The 2nd most interesting man I met on our 9th trip to Australia was Russell Jack. He’s 50% Chinese but 100% Australian. It was fun to close my eyes and listen to him speak, then open them to see a man who appeared to be anything but Chinese. He told jokes and revealed details about his heritage constantly as he gave Ruth & me a tour of his dragon.
We went to Bendigo not to meet Jack but to visit a Marimekko exhibit that Ruth really wanted to see. Meeting Mr. Jack was the bonus of the day. I wondered if I could find something interesting about him on American Google so put in his name. There was nothing. Google even corrected me, assuming that I was really interested in Jack Russells.
Before 1865 more than 23,000 Chinese had emigrated to Australia, and 5,000 of them were working in the goldfields. Fewer than 2,000 of them were in Bendigo after the goldfields were depleted. According to Russell, many of those who stayed became furniture makers and banana importers. Others opened stores, restaurants, and laundries. When Australian Federation occurred in 1901, an Immigration Restriction Act passed and Chinese arrivals virtually ceased. Russell, a descendant of the almost 2,000, became pure Aussie. He married an Australian girl who was not Chinese. There are many tributes in Russell’s museum to the Chinese Australians who fought in World Wars. Now there’s a resurgence of Chinese immigration as Australia seeks even more Chinese business ties and people from China flood into Australia.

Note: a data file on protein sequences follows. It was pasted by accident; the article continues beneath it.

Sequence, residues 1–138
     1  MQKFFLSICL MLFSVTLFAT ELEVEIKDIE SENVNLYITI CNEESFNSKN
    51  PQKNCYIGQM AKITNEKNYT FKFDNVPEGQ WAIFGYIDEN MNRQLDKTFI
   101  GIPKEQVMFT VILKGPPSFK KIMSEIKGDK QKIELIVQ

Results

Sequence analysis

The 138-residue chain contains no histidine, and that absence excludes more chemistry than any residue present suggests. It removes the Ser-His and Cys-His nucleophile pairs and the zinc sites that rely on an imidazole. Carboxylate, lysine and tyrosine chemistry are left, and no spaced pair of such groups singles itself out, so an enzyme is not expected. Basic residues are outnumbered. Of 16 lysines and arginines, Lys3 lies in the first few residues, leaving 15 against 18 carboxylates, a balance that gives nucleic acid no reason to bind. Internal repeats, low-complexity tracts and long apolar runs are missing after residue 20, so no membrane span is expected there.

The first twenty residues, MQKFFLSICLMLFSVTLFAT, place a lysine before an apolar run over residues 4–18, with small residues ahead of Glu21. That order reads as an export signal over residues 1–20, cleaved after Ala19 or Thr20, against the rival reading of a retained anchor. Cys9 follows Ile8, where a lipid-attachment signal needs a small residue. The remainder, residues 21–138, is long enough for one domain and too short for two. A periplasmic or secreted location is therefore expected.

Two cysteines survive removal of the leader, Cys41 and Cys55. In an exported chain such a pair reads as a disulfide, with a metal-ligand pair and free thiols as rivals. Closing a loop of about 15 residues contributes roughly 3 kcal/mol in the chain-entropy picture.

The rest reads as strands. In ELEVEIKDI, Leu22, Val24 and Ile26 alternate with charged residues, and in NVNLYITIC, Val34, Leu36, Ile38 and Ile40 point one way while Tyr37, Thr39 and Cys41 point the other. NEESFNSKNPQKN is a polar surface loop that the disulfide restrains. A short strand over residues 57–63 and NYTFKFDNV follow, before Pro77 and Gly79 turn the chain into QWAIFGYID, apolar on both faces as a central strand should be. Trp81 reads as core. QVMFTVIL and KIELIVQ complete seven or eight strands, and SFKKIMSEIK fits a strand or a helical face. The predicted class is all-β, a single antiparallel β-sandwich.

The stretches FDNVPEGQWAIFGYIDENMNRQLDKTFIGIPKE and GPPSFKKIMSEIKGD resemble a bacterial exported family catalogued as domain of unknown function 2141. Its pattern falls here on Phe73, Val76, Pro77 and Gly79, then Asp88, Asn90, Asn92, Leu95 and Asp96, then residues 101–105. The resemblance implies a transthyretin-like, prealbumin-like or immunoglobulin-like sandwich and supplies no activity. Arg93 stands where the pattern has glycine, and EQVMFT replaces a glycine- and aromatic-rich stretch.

Long before China’s economic surge, Russell was proudly in touch with his Chinese heritage. His father gave him the name Louey Yeung from his native Toishanese dialect. Although Russell excelled in western sports, he joined the Bendigo Chinese Association and, as a young man, he and his 4 brothers carried the head of Loong in the Easter parade each year. Russell has been President of this Association for almost 40 years. During that time he has overseen the construction and running of the Golden Dragon Museum where Loong, now retired, remains on permanent display along with other dragons and many Chinese artifacts, like a screen worth $2 million. In front of the Golden Dragon Museum are the Yi Yuan gardens and the Guan Yin temple. Also in Bendigo is the Joss House Temple constructed in the 1870s and now one of the few original buildings of its type in Australia. Russell is about to oversee a museum extension that looks like an overturned whale but represents the “Chinese wheel of life”. Feng shui principles have been incorporated into the museum addition’s design.
Sun Loong is a Chinese dragon. He is benevolent, as are all Chinese dragons, and quite beautiful. He is decorated with more than 90,000 mirrors, and it took up to 80 people to carry him in any parade because he is 200 feet long. Sun Loong was made in Hong Kong and is the largest decorative dragon in Australia. Loong is the Chinese term for a dragon, and Bendigo’s Loong is more than 100 years old. Chinese Dragons, unlike those in other cultures, are always benign, heavenly creatures that bring rain by flying through clouds. There is a formula for their construction. They have a camel’s head, a deer’s horns, the claws of a hawk, etc.
Bendigo, which is about an hour’s train ride north of Melbourne, is a wonderful town. It’s worth going there to see Sun Loong, meet Russell Jack, and tour the Golden Dragon Museum.